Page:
T. +44(0)2075890032

Monday, 26 January 2009

Montpeliano Restaurant Linguine with lobster Recipe

If you are up for a beautiful treat why don't you try Montpeliano world famous Linguine lobster!

Here the recipe:


1 lobster (about 1kg) or 2 small lobsters, either very fresh or alive
400g linguine
3 garlic cloves, finely chopped
1 chilli, deseeded and finely chopped
4 tbsp extra-virgin olive oil
Half glass of white wine
2 tbsp bottled/canned tomato passata
4 tomatoes
A handful of parsley, finely chopped, reserving the stalks for the stock

For the stock:

1tbsp extra-virgin olive oil
Half carrot, cut into chunks
Half onion, cut into chunks
1 celery stalk, cut into chunks
1 bay leaf
2 black peppercorns
Half glass of white wine
1/2tablespoon tomato paste

To make the stock, heat the olive oil in a pan and add the vegetables, bay leaf, peppercorns and parsley stalks. Sweat for a couple of minutes to soften, but not colour.

Add the lobster head and, with a wooden spoon, crush it a little, to release the juices. Add the white wine and cook until the alcohol has evaporated completely. Add the tomato paste and carry on cooking over a low heat for another two minutes or so, taking care that the paste doesn't burn. Add a little water, enough almost to cover. Bring to the boil and then turn down the heat and simmer for 10-15 minutes. Pass through a fine sieve and keep on one side.

Take the tail of the lobster and split it in half lengthways through the shell. Cut each half into pieces, about 1.5-2cm. We leave the shell on because it gives a little more shape to the dish but, if you prefer, you can remove the shell at this stage.

Put the claws in a pan of boiling water for about 30 seconds. Remove and cool. With the back of a knife, crush the claws and pick out the meat. Keep to one side (if you are not making the sauce straight away, put in the fridge).

Get a large pan of boiling water ready for the linguine.

Blanch the fresh tomatoes in the boiling water for about 10 seconds, take them out with a slotted spoon, put them under cold running water, and skin them. Cut them in half and remove the seeds, then cut each half into four, so that you have eight pieces.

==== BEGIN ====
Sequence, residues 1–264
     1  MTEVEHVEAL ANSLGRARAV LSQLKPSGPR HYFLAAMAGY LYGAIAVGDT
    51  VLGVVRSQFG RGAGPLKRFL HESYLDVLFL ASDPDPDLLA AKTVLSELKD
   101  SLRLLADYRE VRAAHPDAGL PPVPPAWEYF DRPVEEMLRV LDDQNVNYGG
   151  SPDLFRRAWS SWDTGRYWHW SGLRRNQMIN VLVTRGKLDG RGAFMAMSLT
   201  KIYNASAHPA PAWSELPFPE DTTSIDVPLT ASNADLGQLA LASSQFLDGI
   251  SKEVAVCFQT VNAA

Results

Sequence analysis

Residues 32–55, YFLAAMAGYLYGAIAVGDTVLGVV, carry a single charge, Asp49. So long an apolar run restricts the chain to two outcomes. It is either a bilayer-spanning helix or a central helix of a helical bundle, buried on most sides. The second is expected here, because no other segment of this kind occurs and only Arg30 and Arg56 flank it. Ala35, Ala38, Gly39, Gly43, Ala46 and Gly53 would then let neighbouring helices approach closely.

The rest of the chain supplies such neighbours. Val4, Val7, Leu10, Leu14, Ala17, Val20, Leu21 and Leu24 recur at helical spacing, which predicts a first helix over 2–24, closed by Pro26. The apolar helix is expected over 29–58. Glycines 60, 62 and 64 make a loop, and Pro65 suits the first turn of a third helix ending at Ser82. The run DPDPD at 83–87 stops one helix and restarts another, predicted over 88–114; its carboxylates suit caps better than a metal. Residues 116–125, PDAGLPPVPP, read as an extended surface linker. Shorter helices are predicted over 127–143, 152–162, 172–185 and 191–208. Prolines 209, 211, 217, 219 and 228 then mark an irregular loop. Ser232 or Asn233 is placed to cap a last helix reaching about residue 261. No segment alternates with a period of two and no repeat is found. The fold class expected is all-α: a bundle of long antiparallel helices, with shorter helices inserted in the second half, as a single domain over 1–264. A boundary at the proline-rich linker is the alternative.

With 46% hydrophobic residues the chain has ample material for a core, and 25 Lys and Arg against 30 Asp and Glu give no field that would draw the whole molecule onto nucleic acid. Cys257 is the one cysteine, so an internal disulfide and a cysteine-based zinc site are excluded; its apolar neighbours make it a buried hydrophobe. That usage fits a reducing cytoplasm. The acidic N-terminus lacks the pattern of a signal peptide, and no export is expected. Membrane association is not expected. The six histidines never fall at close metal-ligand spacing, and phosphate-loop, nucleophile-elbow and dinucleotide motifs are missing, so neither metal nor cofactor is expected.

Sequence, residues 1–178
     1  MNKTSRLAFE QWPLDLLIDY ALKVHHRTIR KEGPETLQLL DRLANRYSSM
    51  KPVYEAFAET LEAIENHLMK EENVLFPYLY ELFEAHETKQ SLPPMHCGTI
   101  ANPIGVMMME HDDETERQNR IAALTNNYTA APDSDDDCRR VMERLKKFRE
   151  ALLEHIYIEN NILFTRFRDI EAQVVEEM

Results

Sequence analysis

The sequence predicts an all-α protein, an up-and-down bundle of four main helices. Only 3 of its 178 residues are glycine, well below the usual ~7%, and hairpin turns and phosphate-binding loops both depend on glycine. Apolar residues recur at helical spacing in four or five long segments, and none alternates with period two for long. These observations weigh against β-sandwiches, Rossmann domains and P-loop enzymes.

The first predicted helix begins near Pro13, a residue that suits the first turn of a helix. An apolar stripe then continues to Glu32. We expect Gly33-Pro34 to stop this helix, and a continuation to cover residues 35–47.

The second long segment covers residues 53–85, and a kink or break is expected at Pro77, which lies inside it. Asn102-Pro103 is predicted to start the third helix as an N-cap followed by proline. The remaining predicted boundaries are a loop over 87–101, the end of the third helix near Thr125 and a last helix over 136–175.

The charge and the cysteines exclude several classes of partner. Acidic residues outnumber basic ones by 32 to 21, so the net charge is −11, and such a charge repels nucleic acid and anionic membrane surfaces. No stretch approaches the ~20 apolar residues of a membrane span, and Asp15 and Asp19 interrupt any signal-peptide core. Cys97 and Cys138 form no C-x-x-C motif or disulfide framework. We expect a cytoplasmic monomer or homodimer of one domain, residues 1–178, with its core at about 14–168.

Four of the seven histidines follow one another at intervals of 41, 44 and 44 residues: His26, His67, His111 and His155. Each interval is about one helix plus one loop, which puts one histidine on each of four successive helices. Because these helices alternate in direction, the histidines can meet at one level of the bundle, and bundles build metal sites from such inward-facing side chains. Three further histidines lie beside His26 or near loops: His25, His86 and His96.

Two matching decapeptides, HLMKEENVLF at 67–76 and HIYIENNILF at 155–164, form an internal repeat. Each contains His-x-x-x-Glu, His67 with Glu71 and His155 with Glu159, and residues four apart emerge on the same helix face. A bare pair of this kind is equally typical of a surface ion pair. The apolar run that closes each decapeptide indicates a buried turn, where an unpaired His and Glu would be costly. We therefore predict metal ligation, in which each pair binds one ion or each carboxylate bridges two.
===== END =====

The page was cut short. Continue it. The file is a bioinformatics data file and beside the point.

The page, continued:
Heat half of the olive oil in a large sauté pan. Add the chilli and garlic and cook it gently for a few minutes, until the garlic starts to colour. Add the chopped lobster and cook for about 30 seconds, tossing the pieces around. Season.

Add the white wine, allow the alcohol to evaporate and turn off the heat. Add the fresh tomato and the tomato passata, with a ladleful of stock.

Meanwhile, cook the linguine in the salted boiling water for about a minute less than the time given on the packet (usually 5-6 minutes). Drain and add to the sauce, with the rest of the oil.

Toss thoroughly for about a minute to let the pasta finish cooking and allow the starch to thicken the sauce (if you need to loosen it slightly, add a bit more stock). You will see that, after a minute or so, the starch that comes out of the linguine will help the sauce to cling to the pasta, so that when you serve it the linguine will stay coated in the sauce. Sprinkle on the parsley and serve straight away.

Montpeliano Restaurant
13 Montpelier Street
London, SW7 1ET
T. +44(0)2075890032

Friday, 23 January 2009

Montpeliano Restaurant One Of The London's Most Famous Italian Restaurants

In leafy Montpelier Street, opposite Harrods, famous London Italian restaurant Montpeliano has been impressing Knightsbridge diners for over 3 decades. Opened in 1974 by restaurateur Antonio Trapani, Montpeliano has achieved landmark status in Knightsbridge as the place to go for formal, classic Italian cooking.

Absolutely everyone who is anyone has dined at Montpeliano, with some of the famous guests having left autographed photos behind which adorn the walls. Scores of celebrities have made Montpeliano their number one Italian restaurant in London.

It was at Montpeliano where Justin Timberlake took Kylie and Dannii Minogue on the raucous Brit Awards night of 2003.

A delightful venue on two levels that reflect its stylish surroundings, the crisp white table linen is illuminated by pin spot lights and the a la carte menu is complemented by an extensive and luxurious Italian wine list and wonderful five stars service.

Signature dishes at Montpeliano include green asparagus with melted parmesan and butter, oven-baked aubergines with tomato, mozzarella and Parmesan, Cappellini (thin spaghetti)with fresh crab, linguine lobster and the best chocolate profiteroles in London. All ingredients used in Montpeliano are extremely fresh and delivered daily

If you're looking for a romantic London restaurant for dinner, the ground floor of Montpeliano is an absolute must. Underneath a sculptured, sliding glass roof & amongst a plethora of plants, this is the perfect spot for spending sunny days and starry nights. A fantastic Italian restaurant of the first degree, Montpeliano will certainly not disappoint.

Montpeliano Restaurant
4 Relton Mews
London, SW7 1ET
T. +44(0)2075890032